Review: Charter Arms Bulldog


The .44 Special revolver has always been one of those great guns for which I have held a special affinity.  It is a relatively mild shooting cartridge that throws a big chunk of lead downrange.  Plus it is easy to handload hotter rounds if you so desire.


The Charter Arms Bulldog ( is one of the handguns that I recall wanting in my early youth.  The idea of having a compact .44 tucked in your waistband for protection seemed like the ultimate in self-defense.  I didn’t know the difference between a “Special” and a “Magnum” then, but even now I think the Bulldog loaded with .44 Special ammo is an effective manstopper.

Over the years, the Bulldog .44 has changed, but the design is still recognizable and the model is still popular with shooters.

Bulldog Basics

The modern Bulldog chambered in .44 Special holds five rounds and sports a 2.5” barrel.  The gun is compact enough for easy concealed carry on the belt or in a shoulder rig, but it is a little too large for ankle carry.  Alternative carry options like the Smart Holster ( or the Taclett from Tuff Products ( are excellent choices for the Bulldog also.

The frame, cylinder and barrel are all stainless steel, giving the Bulldog plenty of strength to handle as much shooting as you will likely do in a lifetime. 


Even though the revolver doesn’t rely on an aluminum frame, the Bulldog is still relatively light, weighing 21 ounces (unloaded.)  The weight of the gun feels very good in the hand, and it points very well.

The grips on the Charter Arms Bulldog are full-sized and fill the entire hand.  Unlike smaller compact guns, the Bulldog really mates to the hand well.  I credit the rubber grips for such a positive feeling.

A nice addition on the Bulldog is the full-length lug underneath the barrel.  This shrouds the entire extractor rod, protecting it, and gives a little more weight at the end of the gun to provide good balance and recoil reduction.

The sights on this gun are fixed.  The front ramp is serrated and black, which reduces glare, but also can be difficult to see in low light.  The rear sight is a notch cut into the top of the frame.  The sights are very useable, but I would have liked a slightly wider notch in the rear for faster acquisition of the front sight.
The double action trigger pull is very smooth, and not very heavy, on the Bulldog.  The single action trigger is a real beauty with no take up and a crisp break.  Shooting single action is a real joy.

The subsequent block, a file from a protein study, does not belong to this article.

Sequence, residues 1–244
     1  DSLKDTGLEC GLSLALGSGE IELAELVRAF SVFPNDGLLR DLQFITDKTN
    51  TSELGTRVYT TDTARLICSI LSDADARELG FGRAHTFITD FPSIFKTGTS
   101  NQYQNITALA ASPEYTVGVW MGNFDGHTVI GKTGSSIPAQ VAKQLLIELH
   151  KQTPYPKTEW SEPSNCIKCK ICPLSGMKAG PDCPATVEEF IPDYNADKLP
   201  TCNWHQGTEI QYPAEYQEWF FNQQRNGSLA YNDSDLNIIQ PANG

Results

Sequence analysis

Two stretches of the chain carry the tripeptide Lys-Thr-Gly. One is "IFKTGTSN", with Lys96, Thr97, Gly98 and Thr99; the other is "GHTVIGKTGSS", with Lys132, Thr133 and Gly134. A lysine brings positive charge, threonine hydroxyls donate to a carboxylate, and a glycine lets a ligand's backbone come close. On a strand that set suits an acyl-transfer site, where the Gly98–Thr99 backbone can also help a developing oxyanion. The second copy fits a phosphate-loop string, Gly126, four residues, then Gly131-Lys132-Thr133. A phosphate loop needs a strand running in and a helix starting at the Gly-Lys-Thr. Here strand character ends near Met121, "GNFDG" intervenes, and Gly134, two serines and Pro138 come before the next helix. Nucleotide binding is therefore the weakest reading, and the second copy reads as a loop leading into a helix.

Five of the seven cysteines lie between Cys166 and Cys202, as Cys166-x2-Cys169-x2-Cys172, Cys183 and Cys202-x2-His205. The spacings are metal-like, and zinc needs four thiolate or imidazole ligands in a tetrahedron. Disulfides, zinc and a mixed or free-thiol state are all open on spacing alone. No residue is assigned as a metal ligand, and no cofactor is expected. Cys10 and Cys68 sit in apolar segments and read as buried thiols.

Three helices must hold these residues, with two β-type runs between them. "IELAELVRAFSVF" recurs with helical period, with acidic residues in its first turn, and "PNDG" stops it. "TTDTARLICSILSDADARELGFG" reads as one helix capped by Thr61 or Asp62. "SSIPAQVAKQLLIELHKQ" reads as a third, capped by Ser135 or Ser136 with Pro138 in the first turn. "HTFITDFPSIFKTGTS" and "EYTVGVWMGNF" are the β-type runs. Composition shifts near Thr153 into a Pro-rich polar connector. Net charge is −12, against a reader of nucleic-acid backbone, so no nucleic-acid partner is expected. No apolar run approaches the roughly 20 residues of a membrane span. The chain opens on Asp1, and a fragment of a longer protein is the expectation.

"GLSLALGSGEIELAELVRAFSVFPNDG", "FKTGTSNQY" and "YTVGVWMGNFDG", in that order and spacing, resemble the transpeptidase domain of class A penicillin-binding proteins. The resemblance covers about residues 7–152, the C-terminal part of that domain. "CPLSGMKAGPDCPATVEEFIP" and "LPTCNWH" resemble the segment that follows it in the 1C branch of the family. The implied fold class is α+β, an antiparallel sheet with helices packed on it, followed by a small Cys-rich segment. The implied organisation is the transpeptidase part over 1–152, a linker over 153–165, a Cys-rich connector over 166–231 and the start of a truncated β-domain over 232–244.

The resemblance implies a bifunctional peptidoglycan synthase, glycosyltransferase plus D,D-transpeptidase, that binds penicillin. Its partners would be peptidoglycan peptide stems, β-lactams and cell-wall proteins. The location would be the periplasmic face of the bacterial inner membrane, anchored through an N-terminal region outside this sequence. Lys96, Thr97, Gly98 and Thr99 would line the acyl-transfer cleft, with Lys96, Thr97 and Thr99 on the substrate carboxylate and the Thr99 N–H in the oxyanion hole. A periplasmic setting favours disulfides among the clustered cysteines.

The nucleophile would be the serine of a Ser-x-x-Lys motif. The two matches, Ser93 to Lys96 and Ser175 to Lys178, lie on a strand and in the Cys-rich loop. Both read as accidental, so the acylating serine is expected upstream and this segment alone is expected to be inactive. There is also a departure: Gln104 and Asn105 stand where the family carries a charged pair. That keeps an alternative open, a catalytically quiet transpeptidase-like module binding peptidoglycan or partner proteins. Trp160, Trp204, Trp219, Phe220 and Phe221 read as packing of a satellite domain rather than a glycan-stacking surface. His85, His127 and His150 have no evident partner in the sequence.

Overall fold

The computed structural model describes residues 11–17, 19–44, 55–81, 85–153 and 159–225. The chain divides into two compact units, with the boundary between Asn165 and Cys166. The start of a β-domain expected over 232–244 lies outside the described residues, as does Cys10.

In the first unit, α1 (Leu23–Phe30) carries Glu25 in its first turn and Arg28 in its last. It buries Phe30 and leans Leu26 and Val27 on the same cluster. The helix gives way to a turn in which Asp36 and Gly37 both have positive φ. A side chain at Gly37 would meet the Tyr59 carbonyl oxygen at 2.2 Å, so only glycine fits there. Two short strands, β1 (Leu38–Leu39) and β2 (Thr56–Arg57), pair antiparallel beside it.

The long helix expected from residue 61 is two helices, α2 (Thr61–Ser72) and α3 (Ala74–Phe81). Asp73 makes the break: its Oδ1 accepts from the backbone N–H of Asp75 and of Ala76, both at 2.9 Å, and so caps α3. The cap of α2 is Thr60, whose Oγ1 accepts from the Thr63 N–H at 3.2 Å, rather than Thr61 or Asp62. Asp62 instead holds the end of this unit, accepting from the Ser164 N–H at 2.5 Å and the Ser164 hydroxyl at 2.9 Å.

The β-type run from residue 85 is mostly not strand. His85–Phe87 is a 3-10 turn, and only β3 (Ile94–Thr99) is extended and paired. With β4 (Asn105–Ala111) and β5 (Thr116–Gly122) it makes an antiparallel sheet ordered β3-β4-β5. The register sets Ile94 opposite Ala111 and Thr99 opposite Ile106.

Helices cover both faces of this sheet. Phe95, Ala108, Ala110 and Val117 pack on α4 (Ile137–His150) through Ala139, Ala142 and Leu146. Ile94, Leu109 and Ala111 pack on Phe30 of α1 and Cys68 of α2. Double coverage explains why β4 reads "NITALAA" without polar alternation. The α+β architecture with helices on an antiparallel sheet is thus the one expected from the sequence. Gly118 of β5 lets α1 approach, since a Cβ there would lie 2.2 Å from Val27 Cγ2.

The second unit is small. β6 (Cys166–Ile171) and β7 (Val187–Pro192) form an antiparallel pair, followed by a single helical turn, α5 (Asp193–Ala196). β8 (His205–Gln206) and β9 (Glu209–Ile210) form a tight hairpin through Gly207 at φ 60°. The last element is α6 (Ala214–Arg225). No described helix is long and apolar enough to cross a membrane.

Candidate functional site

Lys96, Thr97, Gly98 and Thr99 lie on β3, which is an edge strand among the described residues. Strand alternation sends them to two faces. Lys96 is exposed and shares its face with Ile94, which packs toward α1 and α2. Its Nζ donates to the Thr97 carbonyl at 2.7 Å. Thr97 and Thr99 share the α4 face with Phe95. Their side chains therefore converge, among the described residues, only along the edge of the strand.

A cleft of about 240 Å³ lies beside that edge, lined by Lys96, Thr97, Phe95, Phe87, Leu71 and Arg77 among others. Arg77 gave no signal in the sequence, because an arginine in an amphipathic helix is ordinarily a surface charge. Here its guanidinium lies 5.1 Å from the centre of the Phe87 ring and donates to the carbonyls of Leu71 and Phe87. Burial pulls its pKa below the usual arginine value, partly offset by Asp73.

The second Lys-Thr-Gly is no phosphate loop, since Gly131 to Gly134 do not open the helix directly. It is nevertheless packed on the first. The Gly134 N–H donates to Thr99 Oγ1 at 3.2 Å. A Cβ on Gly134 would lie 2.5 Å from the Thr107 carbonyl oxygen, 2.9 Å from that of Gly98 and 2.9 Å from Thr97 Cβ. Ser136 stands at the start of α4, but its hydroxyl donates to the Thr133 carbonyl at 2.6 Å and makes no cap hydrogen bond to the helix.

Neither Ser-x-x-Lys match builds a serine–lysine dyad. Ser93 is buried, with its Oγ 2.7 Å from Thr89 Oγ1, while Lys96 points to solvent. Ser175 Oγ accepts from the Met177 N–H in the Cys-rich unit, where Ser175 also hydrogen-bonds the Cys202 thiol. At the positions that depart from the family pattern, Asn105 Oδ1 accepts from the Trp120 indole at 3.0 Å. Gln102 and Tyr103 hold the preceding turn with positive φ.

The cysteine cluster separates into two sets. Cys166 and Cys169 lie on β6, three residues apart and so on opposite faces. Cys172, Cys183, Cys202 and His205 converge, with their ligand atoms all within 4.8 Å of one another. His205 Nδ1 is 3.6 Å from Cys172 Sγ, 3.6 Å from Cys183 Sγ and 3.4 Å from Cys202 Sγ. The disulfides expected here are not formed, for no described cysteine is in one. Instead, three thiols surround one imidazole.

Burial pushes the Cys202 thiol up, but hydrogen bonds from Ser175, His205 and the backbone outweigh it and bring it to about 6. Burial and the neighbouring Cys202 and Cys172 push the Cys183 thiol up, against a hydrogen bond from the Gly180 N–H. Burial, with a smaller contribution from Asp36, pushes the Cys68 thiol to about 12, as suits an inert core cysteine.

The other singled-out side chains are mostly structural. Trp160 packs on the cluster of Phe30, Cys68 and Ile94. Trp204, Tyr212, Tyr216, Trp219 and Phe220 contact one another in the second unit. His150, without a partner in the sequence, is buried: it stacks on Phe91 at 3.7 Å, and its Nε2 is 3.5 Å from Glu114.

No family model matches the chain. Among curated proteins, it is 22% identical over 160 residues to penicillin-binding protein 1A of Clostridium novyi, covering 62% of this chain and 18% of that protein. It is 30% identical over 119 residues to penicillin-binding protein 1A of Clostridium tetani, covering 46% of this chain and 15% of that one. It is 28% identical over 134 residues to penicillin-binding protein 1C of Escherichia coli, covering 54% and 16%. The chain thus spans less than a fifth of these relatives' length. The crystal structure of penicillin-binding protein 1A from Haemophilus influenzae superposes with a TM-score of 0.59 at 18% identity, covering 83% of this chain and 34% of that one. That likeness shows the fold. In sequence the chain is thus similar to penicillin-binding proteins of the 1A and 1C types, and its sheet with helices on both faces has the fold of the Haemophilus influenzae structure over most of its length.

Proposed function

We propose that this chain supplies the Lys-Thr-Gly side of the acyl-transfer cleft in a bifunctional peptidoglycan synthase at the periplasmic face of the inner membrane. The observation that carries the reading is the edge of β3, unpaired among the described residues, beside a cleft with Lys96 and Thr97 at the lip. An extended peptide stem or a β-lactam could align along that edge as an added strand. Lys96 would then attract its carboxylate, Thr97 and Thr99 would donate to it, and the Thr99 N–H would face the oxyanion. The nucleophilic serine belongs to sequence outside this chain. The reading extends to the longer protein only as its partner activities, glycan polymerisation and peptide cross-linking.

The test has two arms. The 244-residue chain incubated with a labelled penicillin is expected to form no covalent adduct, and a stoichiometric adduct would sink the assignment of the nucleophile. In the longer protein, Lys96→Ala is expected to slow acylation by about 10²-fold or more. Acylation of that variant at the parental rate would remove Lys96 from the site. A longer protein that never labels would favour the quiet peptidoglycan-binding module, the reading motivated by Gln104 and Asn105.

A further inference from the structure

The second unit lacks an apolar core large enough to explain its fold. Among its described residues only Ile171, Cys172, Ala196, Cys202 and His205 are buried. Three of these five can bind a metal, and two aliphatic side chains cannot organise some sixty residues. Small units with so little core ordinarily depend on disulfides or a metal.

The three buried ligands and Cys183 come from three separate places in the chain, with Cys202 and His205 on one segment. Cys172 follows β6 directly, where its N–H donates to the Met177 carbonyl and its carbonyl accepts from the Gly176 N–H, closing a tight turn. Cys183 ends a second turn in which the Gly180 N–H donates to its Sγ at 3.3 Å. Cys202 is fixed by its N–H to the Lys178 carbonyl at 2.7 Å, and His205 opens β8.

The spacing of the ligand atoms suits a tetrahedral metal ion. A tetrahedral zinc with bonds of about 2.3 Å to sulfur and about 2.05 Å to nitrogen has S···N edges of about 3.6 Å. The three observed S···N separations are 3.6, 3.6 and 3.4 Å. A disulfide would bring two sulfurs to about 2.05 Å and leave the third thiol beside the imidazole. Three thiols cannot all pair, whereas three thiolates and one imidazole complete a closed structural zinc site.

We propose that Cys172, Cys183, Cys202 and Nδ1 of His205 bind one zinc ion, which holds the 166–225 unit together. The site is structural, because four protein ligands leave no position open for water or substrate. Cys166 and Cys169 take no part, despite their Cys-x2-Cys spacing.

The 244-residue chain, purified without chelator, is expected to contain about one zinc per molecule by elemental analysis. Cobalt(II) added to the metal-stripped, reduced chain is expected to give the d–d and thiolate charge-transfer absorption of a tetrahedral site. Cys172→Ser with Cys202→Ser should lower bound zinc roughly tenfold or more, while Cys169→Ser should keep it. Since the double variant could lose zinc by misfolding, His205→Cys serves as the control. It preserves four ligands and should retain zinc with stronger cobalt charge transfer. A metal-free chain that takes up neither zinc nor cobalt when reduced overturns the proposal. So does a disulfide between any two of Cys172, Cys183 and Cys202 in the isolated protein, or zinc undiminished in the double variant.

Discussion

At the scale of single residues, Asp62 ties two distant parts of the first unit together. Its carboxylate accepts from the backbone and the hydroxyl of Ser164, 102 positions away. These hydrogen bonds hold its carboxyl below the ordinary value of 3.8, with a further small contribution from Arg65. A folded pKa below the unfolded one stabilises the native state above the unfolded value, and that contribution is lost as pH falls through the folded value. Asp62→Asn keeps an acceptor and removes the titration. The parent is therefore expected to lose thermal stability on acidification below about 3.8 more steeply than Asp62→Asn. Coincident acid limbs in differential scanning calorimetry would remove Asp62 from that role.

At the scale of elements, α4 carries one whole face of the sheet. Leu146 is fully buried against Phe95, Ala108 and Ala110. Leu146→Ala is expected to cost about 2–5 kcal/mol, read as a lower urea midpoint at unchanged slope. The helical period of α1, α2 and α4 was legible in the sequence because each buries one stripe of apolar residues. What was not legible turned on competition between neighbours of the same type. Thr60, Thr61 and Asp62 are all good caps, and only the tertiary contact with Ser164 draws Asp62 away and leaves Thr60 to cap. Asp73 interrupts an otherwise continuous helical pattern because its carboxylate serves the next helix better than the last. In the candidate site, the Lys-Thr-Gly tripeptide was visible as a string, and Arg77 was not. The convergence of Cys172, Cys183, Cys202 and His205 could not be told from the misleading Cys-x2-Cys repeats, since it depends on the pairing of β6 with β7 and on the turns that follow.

My Experiences

I’ve had my Bulldog for several months now.  I initially ran several brands of ammo through it and obtained good results for accuracy at 15 yards.  Since that time, I have put several hundred more rounds through the gun and still really enjoy shooting it.


Reliability is 100% on the Bulldog.  I encountered no problems with shooting or extracting.  Every time I pressed the trigger, I got a bang.  Each time I hit the extractor rod, the brass cleanly dropped from the cylinder.

Accuracy is definitely acceptable for self-defense work.  I did not bench rest the gun to obtain the most accurate results possible.  However, hitting center mass on a man-sized target at 15 yards was easy.  At closer distances, .44-caliber holes will easily eat out the center of whatever target you want to use.

Recoil is tame and easily handled by all but the most novice of shooters.  If you handload some hot rounds, recoil will likely increase quickly.  With factory loads, recoil is no issue.  There are some light shooting cowboy loads out there if you want to shoot with some very mild ammo.

Of Bulldogs and Tigers…

This particular version of the Bulldog features a special camouflage pattern finish (  The finish uses green and black colors in a pattern similar to the Tiger Stripe pattern originally used by troops in the Vietnam War.

I’ve never been a fan of the traditional Tiger Stripe pattern for camouflage clothing, but this spin of the
design on the Bulldog looks really good.  The pictures do not do the finish justice.


The pricing on the Bulldogs is very affordable.  A standard blue Bulldog carries an MSRP of $414, while the camo-patterned version I have is just a few dollars more at $466.  “Street” prices run significantly less, with the blued Bulldog priced around $340 and the tiger version as low as $375.

Final Thoughts

The Charter Arms Bulldog in .44 Special is a great revolver.  It is fun to shoot, reasonably priced and a great choice for self-defense.  Add in the special finish, and I think this is a superb handgun.

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